The film tells the tale of James "Whitey" Bulger, brother of Massachusetts Senate President Billy Bulger and a big fish in the medium sized pond of South Boston. In just a few short years this unhinged thug went from local tough guy to the biggest name in Boston's crowded underworld scene. His rise was no accident however. Nor was it the result of a long term plan for world conquest on Bulger's part. Instead it was largely the doing of the FBI.
Drafting Bulger to be an FBI informant was the idea of one John Connelly. Connelly had known Bulger since childhood and owed some sort of street debt to him. When he became an FBI agent he used his position to keep the agency at arms length from his patron by selling him as an invaluable snitch. Since Bulger had intimate knowledge of the most arcane workings of Boston street power, Connelly argued, he could help them bring down Gennaro Angiulo, head of the Italian mob and a certified Big Target. Bulger did wind up playing a hand in Angiulo's downfall but beyond that gave up virtually nothing of value in nearly a decade on the government dole. And after Angiulo was sent to prison in the mid-80s Bulger, with the help of Connelly, stepped neatly into the power void.
While the art direction in Black Mass never seems to completely capture the time many of the characters seem perfectly drawn. The pacing is spot on and buttressed by a screenplay that acts like a kind of literary boa constrictor slowly squeezing the life out of the leads. Even if you aren't familiar with the real life events that inspired the story you can see, and more importantly feel, where this is all going from very early on.
Joel Egerton's Agent Connelly is beautifully crafted; a man who rose through the ranks when high school diplomas and a couple of connections were enough to get you 'made' in law enforcement. As time passed however his type slowly became anachronistic as more and more professionals from outside seeped into the important offices and trained a suspicious eye on these local holdovers.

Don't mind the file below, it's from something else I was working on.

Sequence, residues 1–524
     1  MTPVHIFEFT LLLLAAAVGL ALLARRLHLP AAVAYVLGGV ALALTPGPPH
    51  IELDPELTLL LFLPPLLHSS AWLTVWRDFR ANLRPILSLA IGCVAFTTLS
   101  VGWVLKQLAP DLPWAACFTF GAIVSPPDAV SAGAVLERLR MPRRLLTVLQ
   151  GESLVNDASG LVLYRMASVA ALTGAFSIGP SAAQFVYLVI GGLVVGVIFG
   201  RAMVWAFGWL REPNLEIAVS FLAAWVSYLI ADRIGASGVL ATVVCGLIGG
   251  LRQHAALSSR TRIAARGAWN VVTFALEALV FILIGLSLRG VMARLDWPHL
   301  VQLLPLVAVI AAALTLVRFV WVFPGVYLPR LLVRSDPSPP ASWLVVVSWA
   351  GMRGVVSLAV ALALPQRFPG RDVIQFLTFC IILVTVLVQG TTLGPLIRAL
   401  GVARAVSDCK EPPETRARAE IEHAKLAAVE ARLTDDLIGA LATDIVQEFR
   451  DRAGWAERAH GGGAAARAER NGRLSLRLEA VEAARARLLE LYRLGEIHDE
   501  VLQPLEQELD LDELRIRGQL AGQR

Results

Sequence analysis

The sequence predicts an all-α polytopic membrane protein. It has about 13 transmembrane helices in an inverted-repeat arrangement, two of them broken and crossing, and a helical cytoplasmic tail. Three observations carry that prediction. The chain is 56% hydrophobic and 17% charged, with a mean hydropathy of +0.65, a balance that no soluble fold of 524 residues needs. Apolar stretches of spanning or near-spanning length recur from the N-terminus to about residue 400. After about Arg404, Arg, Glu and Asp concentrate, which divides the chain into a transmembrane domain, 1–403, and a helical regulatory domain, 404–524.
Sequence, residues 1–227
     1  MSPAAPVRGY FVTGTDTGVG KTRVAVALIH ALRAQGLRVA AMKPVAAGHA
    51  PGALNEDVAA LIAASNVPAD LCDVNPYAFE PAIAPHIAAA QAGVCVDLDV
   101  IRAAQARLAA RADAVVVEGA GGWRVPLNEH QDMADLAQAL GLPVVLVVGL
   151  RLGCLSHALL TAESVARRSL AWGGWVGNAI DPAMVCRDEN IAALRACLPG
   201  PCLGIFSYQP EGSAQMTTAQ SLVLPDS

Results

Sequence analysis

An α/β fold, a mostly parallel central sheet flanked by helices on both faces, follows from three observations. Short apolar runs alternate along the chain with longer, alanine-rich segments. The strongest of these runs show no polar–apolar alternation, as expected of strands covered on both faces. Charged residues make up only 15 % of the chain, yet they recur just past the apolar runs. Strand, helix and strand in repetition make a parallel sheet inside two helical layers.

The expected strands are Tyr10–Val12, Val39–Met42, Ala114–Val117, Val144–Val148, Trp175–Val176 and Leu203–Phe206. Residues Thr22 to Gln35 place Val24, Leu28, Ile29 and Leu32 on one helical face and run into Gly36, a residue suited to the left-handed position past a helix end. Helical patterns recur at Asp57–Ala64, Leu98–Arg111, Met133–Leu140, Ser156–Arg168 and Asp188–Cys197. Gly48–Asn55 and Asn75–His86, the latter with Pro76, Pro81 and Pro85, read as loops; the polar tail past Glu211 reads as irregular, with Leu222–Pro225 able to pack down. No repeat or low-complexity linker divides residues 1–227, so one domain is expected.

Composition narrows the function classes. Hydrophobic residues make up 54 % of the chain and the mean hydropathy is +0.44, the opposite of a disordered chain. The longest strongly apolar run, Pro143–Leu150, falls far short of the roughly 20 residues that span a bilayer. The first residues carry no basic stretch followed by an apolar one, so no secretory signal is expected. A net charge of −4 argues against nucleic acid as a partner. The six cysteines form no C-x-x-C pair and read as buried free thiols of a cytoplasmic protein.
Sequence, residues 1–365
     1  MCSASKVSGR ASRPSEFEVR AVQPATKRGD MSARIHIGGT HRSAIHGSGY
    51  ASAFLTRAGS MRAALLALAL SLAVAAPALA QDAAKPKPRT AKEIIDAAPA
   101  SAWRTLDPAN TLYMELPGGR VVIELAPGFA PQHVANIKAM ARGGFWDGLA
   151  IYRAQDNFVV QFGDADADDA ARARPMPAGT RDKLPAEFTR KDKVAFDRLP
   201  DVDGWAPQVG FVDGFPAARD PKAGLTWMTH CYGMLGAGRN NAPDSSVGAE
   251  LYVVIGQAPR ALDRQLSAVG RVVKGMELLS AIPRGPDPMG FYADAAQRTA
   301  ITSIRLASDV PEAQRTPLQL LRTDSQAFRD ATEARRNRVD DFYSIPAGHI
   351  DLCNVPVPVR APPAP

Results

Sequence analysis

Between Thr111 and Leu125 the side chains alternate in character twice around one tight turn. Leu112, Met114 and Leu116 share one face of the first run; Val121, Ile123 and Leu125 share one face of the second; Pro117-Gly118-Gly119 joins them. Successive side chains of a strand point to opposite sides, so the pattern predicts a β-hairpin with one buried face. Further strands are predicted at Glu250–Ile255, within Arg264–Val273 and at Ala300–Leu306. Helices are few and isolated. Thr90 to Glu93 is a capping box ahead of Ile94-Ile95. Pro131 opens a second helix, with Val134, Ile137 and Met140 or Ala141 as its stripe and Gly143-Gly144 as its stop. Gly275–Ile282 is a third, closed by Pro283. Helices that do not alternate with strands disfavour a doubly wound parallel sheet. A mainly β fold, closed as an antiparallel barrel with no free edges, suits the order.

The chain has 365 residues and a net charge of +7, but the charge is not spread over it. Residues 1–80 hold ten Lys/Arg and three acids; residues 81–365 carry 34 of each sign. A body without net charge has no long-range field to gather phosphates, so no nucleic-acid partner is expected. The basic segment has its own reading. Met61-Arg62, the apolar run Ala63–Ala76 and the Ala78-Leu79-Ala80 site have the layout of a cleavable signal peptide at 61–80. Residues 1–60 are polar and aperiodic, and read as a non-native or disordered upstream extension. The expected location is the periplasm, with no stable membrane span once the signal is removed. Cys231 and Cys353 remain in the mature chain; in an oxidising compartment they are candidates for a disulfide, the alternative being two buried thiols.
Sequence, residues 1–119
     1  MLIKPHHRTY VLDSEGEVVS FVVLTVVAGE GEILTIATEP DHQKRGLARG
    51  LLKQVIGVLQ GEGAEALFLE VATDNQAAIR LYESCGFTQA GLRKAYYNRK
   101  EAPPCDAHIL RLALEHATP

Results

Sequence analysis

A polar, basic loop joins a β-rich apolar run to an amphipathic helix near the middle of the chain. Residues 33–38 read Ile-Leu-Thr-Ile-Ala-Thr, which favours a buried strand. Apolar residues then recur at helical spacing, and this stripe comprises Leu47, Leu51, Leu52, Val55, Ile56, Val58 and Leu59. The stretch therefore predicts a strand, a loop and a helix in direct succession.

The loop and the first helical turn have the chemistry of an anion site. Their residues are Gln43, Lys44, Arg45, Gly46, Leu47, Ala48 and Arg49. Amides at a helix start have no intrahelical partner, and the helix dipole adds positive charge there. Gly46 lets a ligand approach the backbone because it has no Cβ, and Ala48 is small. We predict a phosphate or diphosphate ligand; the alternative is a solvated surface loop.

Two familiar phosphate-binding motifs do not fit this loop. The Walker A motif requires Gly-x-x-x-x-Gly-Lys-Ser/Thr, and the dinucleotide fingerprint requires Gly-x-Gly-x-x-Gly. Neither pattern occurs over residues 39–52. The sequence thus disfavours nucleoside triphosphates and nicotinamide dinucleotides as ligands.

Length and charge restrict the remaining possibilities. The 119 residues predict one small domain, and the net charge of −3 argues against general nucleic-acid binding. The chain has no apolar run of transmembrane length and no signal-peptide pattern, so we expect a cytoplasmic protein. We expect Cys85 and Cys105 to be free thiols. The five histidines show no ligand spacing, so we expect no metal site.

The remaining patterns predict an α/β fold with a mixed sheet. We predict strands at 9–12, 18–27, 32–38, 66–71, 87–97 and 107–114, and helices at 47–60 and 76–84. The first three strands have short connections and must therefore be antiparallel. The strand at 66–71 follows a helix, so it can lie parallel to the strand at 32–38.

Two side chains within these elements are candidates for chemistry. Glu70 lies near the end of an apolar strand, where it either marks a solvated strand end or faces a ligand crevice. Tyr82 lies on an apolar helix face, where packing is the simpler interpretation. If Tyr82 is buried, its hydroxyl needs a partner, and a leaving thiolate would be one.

Benedict Cumberbatch does a fine job as the cooly detached Senate President Billy Bulger, a man who reached the highest office he could reach in Massachusetts while still retaining a level of anonymity. Bulger wielded enormous power as Senate President yet was never subjected to the spotlight he would have had on him were he to ascend to the governor's chair. And that was fine with him.
The rest of the supporting cast hold their own with a particular shout out going to Peter Sarsgaard for his rabid portrayal of a lunatic hitman who tries to rat out Bulger only to be turned back out to the streets by Bulger's boy Connelly.
All that said the real star of Black Mass in more ways than one is Depp who digs deep and most unexpectedly pulls an acting rabbit out of his hat. His Bulger takes Jack Nicholson's Bulger-inspired performance in The Departed and clears it off the table with the back of his hand. Depp conjures dread, loathing, fear, insanity and even sympathy without so much as raising his voice or moving at more than a snails pace.
There's one scene in particular that sums up Depp's performance. Early on in the film Bulger's son becomes mortally ill and lies dying in the hospital. We see Bulger and his girlfriend, the boy's mother, sitting by a window in the hospital cafeteria. The girlfriend says she'll pull the plug on her son herself rather than see him live life as a vegetable. Depp gazes deeply into her eyes at that statement. The camera switches to a wide shot profiling the two against the window with the table between them. Depp's Bulger gently reaches across the table and takes the bereaved mother's hand. I fully expected to hear "Hey. Don't say that. It's gonna be alright." or something to that effect. Instead after gently taking hold of his girlfriends hand he growls "What the fuck did you just say?" - cue the chills down my back.
Depp's work here is one of the best acting jobs of 2015. It's great stuff and I highly recommend you take a look. The fact that he didn't even get an Oscar nomination doesn't speak well for the Academy.